It Matters Who Is in Charge: Of All People, That Man Should Not Have Decided My Fate

Karin Kerfoot
9 min readNov 8, 2021


To save time, doctors often use only the bare minimum of information to describe a patient. For example, ‘Ms. H is a 33-year-old single woman brought to hospital following a suicide attempt after losing her job’. However, any clinician will know that there is always much more to the story, and this is especially true in psychiatry. The details and all the other factors that led this person to our care are essential not just to understand the underlying causes of the patient’s problems, but also to decide on appropriate management. While it’s easier to make snap judgments based on a small amount of information, there’s a lot more to consider if your decisions are to be beneficial and fair. Some people are particularly wise and thoughtful in navigating the nuances of complex situations. Others are not. Both as a clinician and in my experience with the medical regulator that controls clinical practice in my province, I know firsthand how essential wisdom is to just decision-making, and exactly how much damage one person can do if he is not a wise judge of the person or situation in front of him.

During my time as a psychiatrist in southwestern Ontario, I was heavily involved in the training of medical residents (junior physicians working to become specialists). I was a core member of our department’s RPC — Residency Program Committee — and my specific portfolio was to handle evaluations; not only of the residents in our program, but also evaluation of the training they received and of the faculty supervisors who were training them. In addition to that major role, I often stepped in as chair of the RPC when the program director was not available.

Shortly after I joined the RPC, our program expanded to include a site in another city. A senior psychiatrist at the new site was designated as their local training lead and, as such, he became a member of our RPC. To get him up to speed, a small team of us went out to the new site to do faculty training for him and a few of his colleagues. My first impressions of him were that he was welcoming and enthusiastic, but dismissive of the many challenges associated with running a residency program.

That senior psychiatrist and I sat together on the RPC over the next several years. We interacted regularly at meetings (some of which I chaired), during interviews where we selected the next year’s cohort of trainees, and whenever specific issues arose with the evaluation of residents or supervisors at his training site. In addition, he and I travelled to several national meetings as the only two faculty reps of our university’s training program. It was at those meetings that I learned how much he loves music, as he would chat to me on the topic given the chance and sometimes skipped our afternoon meetings to go to some music venue instead.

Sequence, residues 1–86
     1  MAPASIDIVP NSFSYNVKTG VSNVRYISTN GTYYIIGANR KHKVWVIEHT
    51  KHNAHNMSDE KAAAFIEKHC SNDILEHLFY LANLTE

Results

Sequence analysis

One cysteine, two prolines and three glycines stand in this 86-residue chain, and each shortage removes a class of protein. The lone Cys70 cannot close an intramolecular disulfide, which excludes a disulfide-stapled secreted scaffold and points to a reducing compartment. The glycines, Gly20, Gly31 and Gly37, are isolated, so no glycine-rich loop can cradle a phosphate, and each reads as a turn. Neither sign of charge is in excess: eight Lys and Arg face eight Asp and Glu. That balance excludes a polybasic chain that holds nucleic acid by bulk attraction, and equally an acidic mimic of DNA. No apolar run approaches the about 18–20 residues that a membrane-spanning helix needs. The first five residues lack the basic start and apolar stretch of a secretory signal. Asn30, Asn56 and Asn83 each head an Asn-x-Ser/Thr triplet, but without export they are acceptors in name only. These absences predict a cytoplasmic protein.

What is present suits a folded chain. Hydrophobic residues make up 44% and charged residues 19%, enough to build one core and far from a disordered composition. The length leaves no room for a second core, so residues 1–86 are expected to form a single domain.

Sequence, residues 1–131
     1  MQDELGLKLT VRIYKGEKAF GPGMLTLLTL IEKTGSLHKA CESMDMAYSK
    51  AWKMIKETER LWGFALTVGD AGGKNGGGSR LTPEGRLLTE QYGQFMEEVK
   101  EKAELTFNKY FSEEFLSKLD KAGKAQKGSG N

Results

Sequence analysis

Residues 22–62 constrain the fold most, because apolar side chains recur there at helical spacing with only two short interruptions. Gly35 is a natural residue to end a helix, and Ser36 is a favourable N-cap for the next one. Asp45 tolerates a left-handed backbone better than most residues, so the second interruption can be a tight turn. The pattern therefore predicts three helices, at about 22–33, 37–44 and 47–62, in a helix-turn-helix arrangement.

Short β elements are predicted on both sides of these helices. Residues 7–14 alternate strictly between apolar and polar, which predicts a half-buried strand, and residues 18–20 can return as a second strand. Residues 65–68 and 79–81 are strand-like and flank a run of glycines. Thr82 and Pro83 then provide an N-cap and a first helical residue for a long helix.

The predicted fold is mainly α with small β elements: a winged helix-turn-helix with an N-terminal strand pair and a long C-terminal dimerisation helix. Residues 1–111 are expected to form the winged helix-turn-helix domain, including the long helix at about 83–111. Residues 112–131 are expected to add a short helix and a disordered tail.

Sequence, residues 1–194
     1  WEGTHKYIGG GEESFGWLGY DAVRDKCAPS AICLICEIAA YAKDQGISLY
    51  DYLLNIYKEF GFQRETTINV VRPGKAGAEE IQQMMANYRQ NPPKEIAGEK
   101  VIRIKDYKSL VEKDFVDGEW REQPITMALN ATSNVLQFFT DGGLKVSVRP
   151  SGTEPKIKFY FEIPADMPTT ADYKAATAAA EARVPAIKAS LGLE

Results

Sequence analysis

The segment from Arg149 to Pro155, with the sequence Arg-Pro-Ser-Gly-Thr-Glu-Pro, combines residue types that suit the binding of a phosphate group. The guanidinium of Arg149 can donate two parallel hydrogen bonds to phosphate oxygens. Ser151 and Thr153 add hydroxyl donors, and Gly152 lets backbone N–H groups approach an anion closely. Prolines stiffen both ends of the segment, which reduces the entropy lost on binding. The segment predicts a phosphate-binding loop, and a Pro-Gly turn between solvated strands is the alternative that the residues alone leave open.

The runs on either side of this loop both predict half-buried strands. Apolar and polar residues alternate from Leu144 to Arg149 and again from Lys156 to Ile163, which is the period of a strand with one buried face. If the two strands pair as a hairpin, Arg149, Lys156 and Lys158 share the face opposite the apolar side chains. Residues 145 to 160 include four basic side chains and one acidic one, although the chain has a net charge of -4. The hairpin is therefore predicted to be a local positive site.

Because of my role on the RPC, I also got to know this man particularly well as an evaluator. As was the case for most colleagues on the RPC, he was regularly expected to provide evaluations for individual residents, and sometimes this meant dealing with complicated circumstances; especially if the given resident was struggling. What stood out to me the most about my colleague was his tendency to see people in black and white; in his eyes a trainee was either fantastic or terrible. His evaluations were usually short on detail and lacking in nuance. More than once, I was surprised to find that he provided a glowing but brief review for a resident that had been flagged as having major problems by multiple other faculty. At other times, he was remarkably quick to write off a trainee in trouble, without trying to understand the circumstances or underlying issues.

Even though he and I never had any outright conflict, we didn’t always agree or see eye-to-eye on issues of residency training. I never quite trusted his judgment, and I know that I wasn’t the only one. Years later I also heard from more than one male trainee, since graduated, that he was apt to make misogynistic comments in the company of other men. While he never said anything like that in my company, and I hadn’t heard anything about it at the time, it validates my and some of my colleagues’ suspicions of his judgment.